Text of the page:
At a Glance
- Study Type: Study
- Condition: Premutation or full mutation Fragile X
- Age: 0–5
- Sex: All
- Participant: Child plus parent or caregiver
- Location: Home
- Travel Considerations: No travel required
- Sponsor: The John Merck Fund
We are currently enrolling children born in North Carolina.
RTI International and the University of North Carolina at Chapel Hill are conducting a research study to learn more about early development of young children with Fragile X in North Carolina, and the experiences of their parents when obtaining the diagnosis and early intervention services.
This research study is currently seeking male and female children that have a premutation or full mutation Fragile X (including mosaic) and meet the following criteria:
- Age 0–5.
- Born in North Carolina.
- Lived in North Carolina between the ages of 0 and 3 years.
- Live in a home where English is the primary language spoken.
What to Expect
Research study activities for qualified children and their parents include:
- Home Visits: Depending on the child’s age, there will be 1–3 home visits (developmental assessments) with you and your child, each taking 2–3 hours:
- At enrollment
- Age 3
- Age 5
- Summary Reports: After each visit, you will receive a brief summary report about your child’s development plus a $50 gift card for your time.
- Questionnaires: Parents will be asked to complete some questionnaires (approx. 1–2 hours).
The following is a list of some of the assessments and questionnaires that will be included in the study:
- Bayley-3/SB-5 (50 mins)
- PDMS-2 (30–45 mins)
- AOSI (up to 18 months) 20 mins/ADOS (45–60 mins)
Parent Report Questionnaires: Questionnaires will be sent ahead of time so that parents have plenty of time to complete.
- Vineland Adaptive Behavior Scales, Third Edition (20 mins)
- Sensory Profile, Second Edition (10–20 mins)
- Rothbart Temperament Very Short Forms (10 mins)
- Medical Outcomes Study-Social Support Survey (5 mins)
- Feeding Flock Assessment. (1–2 surveys, 10–20 mins)
- Sleep Questionnaire (5 mins)
- Family Demographics including FX status (5 mins, 1st visit only)
- Behavior Rating Inventory of Executive Function (BRIEF) (15 mins)
- State-Trait Anxiety Inventory (10 mins)
- Parenting Stress Index (PSI), Fourth Edition: Short Form (10 mins)
A Mom Shares Her and Her Son’s Experience Participating in a Fragile X Clinical Trial »
Diane and her son Joshua volunteered for a clinical trial a little over a year ago. In this heartwarming video, his mom shares how their family made the decision to participate, and what the experience has been like so far.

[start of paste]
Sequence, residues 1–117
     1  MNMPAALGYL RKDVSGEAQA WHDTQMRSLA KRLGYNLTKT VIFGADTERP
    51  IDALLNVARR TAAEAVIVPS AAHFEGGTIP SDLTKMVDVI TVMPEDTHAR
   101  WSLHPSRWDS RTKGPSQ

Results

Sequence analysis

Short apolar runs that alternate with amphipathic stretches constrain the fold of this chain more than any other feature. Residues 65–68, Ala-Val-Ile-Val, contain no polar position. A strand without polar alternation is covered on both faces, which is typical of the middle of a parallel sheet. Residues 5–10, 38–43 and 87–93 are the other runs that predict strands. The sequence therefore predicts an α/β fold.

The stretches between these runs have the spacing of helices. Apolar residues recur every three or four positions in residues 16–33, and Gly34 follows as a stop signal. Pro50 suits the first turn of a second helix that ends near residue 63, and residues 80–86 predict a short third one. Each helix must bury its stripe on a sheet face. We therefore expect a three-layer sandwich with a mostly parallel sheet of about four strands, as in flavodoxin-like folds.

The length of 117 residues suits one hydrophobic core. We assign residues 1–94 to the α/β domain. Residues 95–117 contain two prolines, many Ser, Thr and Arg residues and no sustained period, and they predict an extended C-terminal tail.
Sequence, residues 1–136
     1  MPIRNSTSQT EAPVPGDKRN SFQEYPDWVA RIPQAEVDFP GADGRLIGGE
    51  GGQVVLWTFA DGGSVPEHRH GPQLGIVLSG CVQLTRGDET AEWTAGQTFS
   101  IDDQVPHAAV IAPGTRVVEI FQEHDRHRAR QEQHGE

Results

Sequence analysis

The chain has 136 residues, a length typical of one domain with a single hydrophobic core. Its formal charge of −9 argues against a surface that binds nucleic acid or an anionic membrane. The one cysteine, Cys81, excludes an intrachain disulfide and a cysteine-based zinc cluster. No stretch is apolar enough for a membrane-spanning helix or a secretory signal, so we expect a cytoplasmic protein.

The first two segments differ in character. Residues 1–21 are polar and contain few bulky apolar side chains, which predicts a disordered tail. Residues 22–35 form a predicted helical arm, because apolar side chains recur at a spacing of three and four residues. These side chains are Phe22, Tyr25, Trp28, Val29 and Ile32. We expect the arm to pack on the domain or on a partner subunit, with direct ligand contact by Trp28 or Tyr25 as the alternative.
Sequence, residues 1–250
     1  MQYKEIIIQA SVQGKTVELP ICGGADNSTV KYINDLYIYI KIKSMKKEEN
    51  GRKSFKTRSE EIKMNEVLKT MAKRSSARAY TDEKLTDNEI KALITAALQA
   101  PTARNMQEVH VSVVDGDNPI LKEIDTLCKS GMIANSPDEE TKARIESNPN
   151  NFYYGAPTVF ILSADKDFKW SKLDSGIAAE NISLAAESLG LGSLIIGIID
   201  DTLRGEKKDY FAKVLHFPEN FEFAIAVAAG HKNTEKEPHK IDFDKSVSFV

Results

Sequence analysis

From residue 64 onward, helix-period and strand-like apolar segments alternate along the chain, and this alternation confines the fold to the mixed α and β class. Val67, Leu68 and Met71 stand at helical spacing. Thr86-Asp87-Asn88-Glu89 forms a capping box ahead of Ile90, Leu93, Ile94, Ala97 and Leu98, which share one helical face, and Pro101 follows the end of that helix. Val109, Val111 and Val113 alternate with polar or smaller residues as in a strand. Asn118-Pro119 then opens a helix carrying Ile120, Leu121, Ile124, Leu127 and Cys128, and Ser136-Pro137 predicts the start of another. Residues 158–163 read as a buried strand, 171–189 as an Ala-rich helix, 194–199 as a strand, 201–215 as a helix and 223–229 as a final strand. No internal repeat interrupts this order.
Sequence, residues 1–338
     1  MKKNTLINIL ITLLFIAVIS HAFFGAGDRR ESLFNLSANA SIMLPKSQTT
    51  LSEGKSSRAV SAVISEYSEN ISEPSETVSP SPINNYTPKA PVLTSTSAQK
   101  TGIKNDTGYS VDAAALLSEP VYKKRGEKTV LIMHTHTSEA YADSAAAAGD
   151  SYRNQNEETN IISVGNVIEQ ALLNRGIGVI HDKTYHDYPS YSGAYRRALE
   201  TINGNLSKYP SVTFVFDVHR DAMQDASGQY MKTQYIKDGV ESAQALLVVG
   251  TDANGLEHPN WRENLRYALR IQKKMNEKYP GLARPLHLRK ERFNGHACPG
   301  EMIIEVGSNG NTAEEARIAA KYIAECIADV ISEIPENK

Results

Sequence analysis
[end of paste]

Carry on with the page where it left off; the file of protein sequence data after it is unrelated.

Dr. Elizabeth Berry-Kravis on the Challenges Inherent in a Clinical Trial »
We asked NFXF scientific advisor, doctor, and clinical researcher Dr. Elizabeth Berry-Kravis to comment on the challenges inherent in a clinical trial.
Clinical Trials From Start to Finish (Webinar) »
Sharyn Lincoln and Katherine Pawlowski of Boston Children’s Hospital speaks with us about how clinical research trials work, what it takes to participate, and what happens after the study.
Learn About Clinical Trials »
From ClinicalTrials.gov, maintained by the National Library of Medicine (NLM) at the National Institutes of Health (NIH).
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Our Most Recent Opportunities
The Research in Neurodevelopmental Disabilities Lab at the Waisman Center at the University of Wisconsin-Madison is looking for parents of male or female children 6 to 17 years old with Fragile X syndrome for an online survey.
RTI International and the University of North Carolina at Chapel Hill are conducting an early intervention study to learn about the best ways to support early development in infants identified with the full mutation of Fragile X. Babies 0–9 months old with the full mutation, and their caregivers, may be eligible to participate.
Doctors at Rush University are researching cognition, balance, and walking patterns in people who carry a premutation in the Fragile X (FMR1) gene.
The University of South Carolina is conducting a research study focusing on the range of language, social, and cognitive features that may be associated with variations on the FMR1 gene. Women age 35-75 who are carriers of the Fragile X premutation may be eligible to participate.